- Register of director and member meetings and resolutions
- Register of charges
- Register of persons with significant control (PSC register)
These days, many companies are incorporated online, and may not have their registers created at the time of incorporation. If nobody flags up this requirement, it’s entirely possible that you could establish and run your business for many years without having any of these registers in place.
Once you have a set of company registers, the next task is keeping them up to date. This means that when a new director is appointed, or one is removed, or changes address, the register of directors should be updated. If you issue new shares, or transfer some of your shares to someone else, the register of members should be updated. And if someone has a significant shareholding, or otherwise has significant control over the company, they should be recorded on your PSC register.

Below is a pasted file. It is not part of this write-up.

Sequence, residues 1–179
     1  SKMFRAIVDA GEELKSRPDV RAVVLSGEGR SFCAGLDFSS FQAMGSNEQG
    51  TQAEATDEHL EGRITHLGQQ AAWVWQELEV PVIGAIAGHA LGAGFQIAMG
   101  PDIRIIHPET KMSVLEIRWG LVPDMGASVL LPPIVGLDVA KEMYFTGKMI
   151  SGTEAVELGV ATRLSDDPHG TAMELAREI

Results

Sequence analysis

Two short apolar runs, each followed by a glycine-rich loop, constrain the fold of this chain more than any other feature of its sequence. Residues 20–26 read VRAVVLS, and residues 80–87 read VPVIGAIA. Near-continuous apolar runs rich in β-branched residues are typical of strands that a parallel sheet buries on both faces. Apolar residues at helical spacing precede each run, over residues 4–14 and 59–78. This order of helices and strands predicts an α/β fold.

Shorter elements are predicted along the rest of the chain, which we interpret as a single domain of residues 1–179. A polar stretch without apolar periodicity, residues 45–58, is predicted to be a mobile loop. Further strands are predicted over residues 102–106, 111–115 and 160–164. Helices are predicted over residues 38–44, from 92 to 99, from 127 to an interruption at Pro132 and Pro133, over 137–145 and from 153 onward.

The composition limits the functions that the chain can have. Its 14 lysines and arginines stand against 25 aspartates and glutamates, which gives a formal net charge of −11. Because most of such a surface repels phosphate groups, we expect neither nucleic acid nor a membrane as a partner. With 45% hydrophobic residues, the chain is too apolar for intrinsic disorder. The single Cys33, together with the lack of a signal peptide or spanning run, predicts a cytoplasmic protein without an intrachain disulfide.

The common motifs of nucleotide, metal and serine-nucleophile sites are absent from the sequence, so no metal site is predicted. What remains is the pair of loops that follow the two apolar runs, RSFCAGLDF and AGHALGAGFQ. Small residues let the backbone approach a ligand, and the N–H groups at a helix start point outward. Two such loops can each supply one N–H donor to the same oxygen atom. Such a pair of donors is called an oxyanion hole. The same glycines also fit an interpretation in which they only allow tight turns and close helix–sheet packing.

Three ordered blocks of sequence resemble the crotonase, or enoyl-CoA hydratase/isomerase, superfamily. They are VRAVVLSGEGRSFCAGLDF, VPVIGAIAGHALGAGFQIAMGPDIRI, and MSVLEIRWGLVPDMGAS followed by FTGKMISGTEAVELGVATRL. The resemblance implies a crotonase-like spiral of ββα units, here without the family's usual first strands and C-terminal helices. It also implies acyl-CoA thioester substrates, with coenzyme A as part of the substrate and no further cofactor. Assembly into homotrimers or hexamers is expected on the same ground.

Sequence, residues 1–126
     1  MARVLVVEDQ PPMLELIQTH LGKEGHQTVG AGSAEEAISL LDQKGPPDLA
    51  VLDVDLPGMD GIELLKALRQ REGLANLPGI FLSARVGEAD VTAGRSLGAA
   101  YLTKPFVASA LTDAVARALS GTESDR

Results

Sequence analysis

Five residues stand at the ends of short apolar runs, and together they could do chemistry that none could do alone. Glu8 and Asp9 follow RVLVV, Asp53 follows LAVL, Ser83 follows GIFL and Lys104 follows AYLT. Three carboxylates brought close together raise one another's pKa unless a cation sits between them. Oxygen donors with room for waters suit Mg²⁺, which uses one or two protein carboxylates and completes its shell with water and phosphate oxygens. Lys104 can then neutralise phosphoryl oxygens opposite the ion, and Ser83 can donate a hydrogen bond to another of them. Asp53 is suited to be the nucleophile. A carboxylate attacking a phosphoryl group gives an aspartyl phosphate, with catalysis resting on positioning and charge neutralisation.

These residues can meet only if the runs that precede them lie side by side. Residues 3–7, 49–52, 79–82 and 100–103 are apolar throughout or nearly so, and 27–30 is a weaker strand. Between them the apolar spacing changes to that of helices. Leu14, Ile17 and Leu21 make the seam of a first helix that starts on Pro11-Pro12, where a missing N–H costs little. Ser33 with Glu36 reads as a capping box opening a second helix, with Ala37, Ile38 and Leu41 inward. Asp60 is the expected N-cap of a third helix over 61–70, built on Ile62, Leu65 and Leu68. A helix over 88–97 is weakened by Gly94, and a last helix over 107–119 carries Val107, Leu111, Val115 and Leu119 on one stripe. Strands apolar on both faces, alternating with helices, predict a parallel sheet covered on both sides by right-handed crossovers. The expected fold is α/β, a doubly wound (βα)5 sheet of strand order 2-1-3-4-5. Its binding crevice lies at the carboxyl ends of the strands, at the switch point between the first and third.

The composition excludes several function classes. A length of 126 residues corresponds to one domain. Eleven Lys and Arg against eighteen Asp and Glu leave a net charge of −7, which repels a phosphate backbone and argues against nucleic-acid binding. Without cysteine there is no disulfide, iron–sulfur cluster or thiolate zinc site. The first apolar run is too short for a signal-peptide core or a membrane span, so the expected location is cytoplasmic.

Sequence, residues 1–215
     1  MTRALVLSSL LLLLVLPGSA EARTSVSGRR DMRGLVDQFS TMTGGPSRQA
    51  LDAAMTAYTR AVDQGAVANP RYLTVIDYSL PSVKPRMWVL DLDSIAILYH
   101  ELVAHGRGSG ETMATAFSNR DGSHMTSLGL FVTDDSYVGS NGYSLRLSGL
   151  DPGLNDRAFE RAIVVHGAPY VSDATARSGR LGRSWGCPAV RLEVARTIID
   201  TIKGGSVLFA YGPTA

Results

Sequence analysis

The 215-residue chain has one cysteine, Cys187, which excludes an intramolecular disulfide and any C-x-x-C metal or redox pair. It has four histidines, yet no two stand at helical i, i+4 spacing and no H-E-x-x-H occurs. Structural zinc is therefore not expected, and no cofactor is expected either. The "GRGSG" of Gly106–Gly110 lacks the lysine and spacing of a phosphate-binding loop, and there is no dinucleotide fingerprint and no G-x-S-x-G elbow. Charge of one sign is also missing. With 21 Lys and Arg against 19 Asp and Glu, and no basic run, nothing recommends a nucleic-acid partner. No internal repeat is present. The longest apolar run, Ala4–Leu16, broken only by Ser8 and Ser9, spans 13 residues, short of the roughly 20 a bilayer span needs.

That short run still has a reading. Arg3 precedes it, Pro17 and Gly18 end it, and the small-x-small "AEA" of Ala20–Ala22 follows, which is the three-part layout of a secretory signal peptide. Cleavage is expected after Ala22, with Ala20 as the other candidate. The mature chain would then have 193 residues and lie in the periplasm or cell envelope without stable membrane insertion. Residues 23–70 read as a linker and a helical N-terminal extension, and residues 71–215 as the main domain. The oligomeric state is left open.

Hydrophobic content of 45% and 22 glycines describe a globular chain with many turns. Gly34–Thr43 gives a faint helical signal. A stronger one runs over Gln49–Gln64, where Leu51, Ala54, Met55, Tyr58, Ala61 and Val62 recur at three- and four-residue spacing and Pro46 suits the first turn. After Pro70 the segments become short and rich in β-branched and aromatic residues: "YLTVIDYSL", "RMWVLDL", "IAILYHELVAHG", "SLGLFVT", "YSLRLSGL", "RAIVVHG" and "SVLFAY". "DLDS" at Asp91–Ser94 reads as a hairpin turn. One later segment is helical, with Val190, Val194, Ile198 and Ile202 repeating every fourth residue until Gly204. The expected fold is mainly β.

Much of the information in these registers is also required to be recorded at Companies House. Forms are available for many of them, but you may need advice on exactly what needs to be reported, and how.
Many accountants use standard software to make the process of filing returns and updating the registers easier. Unfortunately, though, these platforms don’t ensure that the transactions themselves are executed properly, or alert your accountant when you transfer some shares. This is why in just about every company sale that the Devant team has supported, there have been discrepancies between what’s in the Statutory Books and what’s on Companies House – and even more discrepancies with what actually happened in real life!